However, you’re not the only one who needs to be comfortable with new player. The rest of your group needs to be comfortable with him, too. If, after talking to him, you think he’d be a good fit for your group, ask him to sit in on a couple of game sessions. This will give him a chance to see if he thinks he’ll enjoy your game and give the rest of your group a chance to meet him.

After he’s done his “sitting in” time, ask each of your players individually what they think of him. If any of your players feel uncomfortable around him, try to find out why. If it’s because she “doesn’t like his energy,” pay attention to that; it’s probably her intuition picking up on something wrong. In this case, he’s probably not good for your game.

If, however, it’s because he looks a lot like her ex-boyfriend, but she knows she’ll be able to get beyond that after she gets to know him better, go ahead and add him. Players with minor concerns can usually tell you exactly what they don’t like about a player. Usually the group can work through these issues. But you never want to sacrifice a good existing player for an unknown new player.


Next time, I’ll talk about ways to actually add the new player to the game and Beg, Borrow & Steal (my newsletter) this month will cover six ways to add a new PC to your game. It’s a free monthly (roughly) newsletter of GM tips. You can sign up for that in the sidebar of any of this blog’s pages.

[Photo courtesy of jeffreyw via Flickr Creative Commons]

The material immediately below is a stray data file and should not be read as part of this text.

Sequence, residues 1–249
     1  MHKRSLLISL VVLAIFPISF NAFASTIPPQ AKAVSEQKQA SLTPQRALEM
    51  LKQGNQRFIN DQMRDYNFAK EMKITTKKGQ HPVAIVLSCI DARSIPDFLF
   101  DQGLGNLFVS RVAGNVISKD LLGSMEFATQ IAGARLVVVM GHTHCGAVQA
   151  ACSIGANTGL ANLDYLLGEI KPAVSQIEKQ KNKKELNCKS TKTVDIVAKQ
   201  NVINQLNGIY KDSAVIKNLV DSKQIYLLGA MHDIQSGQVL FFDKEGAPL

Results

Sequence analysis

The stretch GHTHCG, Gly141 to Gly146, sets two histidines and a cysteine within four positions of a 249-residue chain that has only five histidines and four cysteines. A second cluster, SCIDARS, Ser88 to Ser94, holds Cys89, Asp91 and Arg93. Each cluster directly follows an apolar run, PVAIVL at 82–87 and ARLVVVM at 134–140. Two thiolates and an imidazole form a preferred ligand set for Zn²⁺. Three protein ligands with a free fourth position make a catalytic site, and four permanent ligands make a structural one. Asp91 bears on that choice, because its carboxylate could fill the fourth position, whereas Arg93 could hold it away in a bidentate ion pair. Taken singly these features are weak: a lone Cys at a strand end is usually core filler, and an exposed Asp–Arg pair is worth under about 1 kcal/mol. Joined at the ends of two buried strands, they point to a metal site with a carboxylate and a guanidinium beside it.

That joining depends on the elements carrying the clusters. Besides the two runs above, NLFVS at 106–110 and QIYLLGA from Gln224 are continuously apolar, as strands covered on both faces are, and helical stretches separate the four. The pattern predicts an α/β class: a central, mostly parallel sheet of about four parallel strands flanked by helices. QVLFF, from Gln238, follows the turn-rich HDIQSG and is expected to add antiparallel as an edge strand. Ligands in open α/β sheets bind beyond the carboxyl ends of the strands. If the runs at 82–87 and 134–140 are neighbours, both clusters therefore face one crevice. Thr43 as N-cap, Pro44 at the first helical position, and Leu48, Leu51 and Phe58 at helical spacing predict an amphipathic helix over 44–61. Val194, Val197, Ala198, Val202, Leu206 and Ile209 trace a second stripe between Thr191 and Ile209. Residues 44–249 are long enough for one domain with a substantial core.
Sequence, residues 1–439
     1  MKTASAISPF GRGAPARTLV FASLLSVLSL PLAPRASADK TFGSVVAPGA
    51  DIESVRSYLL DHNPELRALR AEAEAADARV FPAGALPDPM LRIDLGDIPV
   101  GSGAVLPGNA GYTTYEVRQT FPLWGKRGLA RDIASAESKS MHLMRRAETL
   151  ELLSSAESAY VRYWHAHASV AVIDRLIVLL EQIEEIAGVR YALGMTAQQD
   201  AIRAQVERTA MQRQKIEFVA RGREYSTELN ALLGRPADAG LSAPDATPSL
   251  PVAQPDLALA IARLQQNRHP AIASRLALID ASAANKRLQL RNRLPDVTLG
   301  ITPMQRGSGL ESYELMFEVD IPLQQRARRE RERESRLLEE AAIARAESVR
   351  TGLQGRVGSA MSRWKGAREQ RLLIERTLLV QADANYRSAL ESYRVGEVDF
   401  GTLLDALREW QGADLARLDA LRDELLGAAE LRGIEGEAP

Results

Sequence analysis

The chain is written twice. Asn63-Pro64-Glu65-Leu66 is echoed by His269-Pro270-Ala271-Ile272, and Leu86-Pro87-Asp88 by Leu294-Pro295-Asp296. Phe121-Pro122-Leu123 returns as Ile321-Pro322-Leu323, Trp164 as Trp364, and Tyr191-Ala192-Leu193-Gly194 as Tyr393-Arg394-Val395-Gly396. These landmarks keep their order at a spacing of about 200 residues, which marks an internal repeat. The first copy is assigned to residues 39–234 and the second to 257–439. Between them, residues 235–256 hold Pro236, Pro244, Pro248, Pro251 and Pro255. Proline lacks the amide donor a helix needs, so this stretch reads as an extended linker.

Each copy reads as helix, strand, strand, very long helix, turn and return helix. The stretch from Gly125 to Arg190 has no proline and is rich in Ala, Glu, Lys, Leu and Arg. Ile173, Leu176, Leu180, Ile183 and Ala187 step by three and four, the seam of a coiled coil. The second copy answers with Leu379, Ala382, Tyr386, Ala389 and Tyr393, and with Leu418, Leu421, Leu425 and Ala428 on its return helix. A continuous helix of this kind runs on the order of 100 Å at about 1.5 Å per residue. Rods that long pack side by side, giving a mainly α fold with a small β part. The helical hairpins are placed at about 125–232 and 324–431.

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Characters for Brand New Players

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You’ve gotten your group and your new player both ready to play. He’s sat in at least one play session and thinks this “roleplay thing” looks pretty cool and both you and your players think he’ll be a good fit for your game.

So now, with all of the prelims out of the way, it’s time to sit down with your brand-new  player and build his character. But what’s the best way to build a character for a brand-new player? That’s what this article, the third in my series on introducing new players to your game group.

Character creation for the brand-new player

There are a couple of schools of thought when it comes to creating characters for brand new players:

  • start with pre-generated characters
  • start with character creation

Starting with pre-generated characters

In this situation, you give your brand new player a pre-generated character to play until he’s comfortable enough with the game to build an effective character. The advantage of this approach is that the player doesn’t have to struggle through two (often very different) sets of rules and can immediately jump into play.

Character creation can be confusing and seemingly unrelated to the game itself to the brand new player. He doesn’t yet know what kind of character he likes or is good at playing. That makes it hard to build a character he enjoys, because he doesn’t yet know what he enjoys. In his ignorance, it’s all to easy for him to create a character he hates.

The downside of this option is that none of the available characters may interest the new player

Starting with character creation

The other school of thought says to start by walking the new player through character creation, step-by-step, if need be. This way, the new player will have  (hopefully) a character he likes from day one. What I’ve found, though is that most brand-new players have no idea what kinds of characters are out there, making it difficult for her to come up with a character idea.

The best of both

As a middle ground , I’ll ask  her what kind of character she’d like to play. Then I ask her she wants to create the character herself, or if she just wants to give me the details and let me worry about creating the numbers to match those details.